Author's passing mourned
"The Wheel of Time turns and ages come and pass."
This line from the books of James O. Rigney, revered by millions as the novelist Robert Jordan, seems a fitting epitaph. But the books of Rigney's immensely popular "Wheel of Time" fantasy series are likely to endure.
Rigney died Sunday at age 58 after a long fight with the rare blood disease amyloidosis, a progressive disorder first diagnosed in December 2005 at the Medical University of South Carolina. Rigney succumbed to complications from primary amyloidosis with cardiomyopathy.
The most popular fantasy author since J.R.R. Tolkien, Rigney was born in 1948 in Charleston. A 1974 graduate of The Citadel who earned a degree in physics, he served two tours of duty in Vietnam with the Army, earning a Distinguished Flying Cross, the Bronze Star and two Vietnamese Crosses of Gallantry. He was a helicopter door gunner.
A life-long history buff and voracious reader, he also wrote dance and theater criticism. He had been writing full time since 1977.
Published by TOR Books, "The Wheel of Time" series is generally regarded as the most detailed and richly imagined realm since "The Lord of the Rings." It was among the best-selling in the history of fantasy publishing, with thousands of Web sites devoted in whole or in part to his writing. At the time of his death, Rigney had sold 15 million copies in North America and an estimated 30 million copies globally.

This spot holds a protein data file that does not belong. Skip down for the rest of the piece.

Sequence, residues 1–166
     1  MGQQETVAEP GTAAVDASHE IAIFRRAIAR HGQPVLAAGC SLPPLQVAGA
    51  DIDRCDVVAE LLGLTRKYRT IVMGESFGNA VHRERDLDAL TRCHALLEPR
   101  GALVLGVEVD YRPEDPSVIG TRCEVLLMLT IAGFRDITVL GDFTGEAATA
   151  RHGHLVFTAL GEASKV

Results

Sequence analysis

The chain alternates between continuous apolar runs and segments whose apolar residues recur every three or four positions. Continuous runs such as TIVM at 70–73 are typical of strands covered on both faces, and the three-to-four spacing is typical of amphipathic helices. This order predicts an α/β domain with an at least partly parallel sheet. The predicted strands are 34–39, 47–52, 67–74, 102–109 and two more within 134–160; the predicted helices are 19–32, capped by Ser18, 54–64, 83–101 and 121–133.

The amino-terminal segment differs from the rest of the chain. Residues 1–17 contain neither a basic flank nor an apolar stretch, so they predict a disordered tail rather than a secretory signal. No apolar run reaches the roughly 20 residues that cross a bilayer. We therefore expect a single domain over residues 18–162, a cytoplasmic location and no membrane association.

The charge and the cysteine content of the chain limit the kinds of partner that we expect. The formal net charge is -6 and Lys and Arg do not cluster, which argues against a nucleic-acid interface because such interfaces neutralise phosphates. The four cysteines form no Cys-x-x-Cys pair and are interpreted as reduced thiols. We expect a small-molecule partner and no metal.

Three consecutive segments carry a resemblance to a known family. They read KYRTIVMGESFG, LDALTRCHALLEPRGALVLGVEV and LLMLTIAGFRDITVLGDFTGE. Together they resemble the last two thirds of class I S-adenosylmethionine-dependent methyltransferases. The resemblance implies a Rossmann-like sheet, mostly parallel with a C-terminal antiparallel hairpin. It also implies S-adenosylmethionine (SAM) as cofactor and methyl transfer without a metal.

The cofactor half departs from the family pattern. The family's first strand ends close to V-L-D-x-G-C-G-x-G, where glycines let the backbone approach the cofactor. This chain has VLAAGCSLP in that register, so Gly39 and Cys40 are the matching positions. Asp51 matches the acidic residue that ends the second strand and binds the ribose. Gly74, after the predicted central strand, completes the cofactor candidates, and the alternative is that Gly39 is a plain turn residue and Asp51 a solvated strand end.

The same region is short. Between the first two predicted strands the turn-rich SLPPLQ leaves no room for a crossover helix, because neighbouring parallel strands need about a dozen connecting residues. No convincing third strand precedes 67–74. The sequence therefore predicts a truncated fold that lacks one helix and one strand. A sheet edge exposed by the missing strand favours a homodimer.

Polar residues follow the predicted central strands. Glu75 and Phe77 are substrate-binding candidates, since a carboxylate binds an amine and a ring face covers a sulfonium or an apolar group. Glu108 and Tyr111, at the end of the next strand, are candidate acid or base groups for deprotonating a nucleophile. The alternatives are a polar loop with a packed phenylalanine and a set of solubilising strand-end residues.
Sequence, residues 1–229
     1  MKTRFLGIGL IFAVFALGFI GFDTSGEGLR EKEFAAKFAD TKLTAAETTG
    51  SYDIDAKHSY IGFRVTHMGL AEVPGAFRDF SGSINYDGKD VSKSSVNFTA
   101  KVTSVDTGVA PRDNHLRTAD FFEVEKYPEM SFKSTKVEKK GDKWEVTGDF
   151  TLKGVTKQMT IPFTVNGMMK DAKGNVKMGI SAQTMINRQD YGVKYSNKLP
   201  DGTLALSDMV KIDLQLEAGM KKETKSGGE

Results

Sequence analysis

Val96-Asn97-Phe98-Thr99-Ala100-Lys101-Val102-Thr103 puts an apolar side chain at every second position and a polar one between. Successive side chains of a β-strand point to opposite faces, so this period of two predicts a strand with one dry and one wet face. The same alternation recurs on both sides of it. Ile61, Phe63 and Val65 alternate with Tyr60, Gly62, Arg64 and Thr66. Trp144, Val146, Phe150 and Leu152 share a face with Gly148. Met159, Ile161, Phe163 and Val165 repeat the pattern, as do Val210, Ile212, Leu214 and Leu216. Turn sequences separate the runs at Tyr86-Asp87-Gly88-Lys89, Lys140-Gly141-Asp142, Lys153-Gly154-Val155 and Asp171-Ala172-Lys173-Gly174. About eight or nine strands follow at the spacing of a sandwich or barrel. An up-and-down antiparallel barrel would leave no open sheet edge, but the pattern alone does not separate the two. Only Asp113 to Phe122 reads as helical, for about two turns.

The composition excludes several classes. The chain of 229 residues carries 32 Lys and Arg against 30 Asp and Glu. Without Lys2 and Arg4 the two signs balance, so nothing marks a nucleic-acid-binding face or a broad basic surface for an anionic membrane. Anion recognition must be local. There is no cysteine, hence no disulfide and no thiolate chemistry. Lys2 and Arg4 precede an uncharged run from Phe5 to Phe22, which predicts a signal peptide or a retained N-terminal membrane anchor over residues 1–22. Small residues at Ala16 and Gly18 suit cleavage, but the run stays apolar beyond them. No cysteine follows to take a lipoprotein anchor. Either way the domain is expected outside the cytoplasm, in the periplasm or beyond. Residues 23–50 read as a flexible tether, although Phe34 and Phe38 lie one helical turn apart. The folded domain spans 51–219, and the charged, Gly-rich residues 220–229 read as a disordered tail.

Rigney cultivated a close relationship with fan Web sites, including www.dragonmount.com, on which he hosted his blog. As of Monday night more than 1,100 messages had been posted on Dragonmount, with fans expressing shock and grief.
The response was no less pronounced locally.
"Jim was very nurturing and generous," South Carolina Poet Laureate and family friend Marjory Wentworth said. "He cared so much about writing and other writers. Jim certainly meant a great deal to the Lowcountry's literary community. To have someone of Jim Rigney's stature come to a local Poetry Society reading and take you seriously as a writer was very important."
Citadel President Lt. Gen. John W. Rosa said, "He was known to the world as Robert Jordan, but at The Citadel, we knew him as Jim Rigney, a devoted alumnus and a true friend and benefactor to the college. In a 2003 article for 'The Citadel' magazine, he wrote, 'I bleed Citadel blue.' It was a testament to his strong ties for the college. Our heartfelt thoughts and prayers go out to his family."
In addition to his signature "The Wheel of Time" novels, Rigney was the author of the Michael Fallon historical romance trilogy, penned under the nom de plume Reagan O'Neal, as well as seven Conan novels, beginning with "Conan the Invincible" (1982).
His longtime publisher and friend in New York, Tom Doherty of TOR Books, said, "I'd known him for 30 years. His wife Harriet and I go back even longer, to when she was an editor with me in 1969, one of the most the brilliant editors I ever worked with. Jim was such a great guy. So many writers, when they get to be stars, become prima donnas. Not Jim. I truly believe he's one of the great storytellers of the 20th and early 21st centuries."
Rigney is survived by his wife, Harriet Popham Rigney; a son, William Popham McDougal of Housatonic, Mass.; a brother, Reynolds W. Rigney of New Orleans; and numerous nieces and nephews.
Relatives and friends are invited to his funeral services at 11 a.m. Wednesday in St. Stephen's Episcopal Church. Interment is private but friends may call at the Church Social Hall after the service.
In lieu of flowers, the family requests that donations be made in the name of Jim Rigney to the Hematologic Malignancies Program for Amyloidosis Research, Department of Development, Mayo Foundation, 200 First Street S.W., Rochester MN 55905.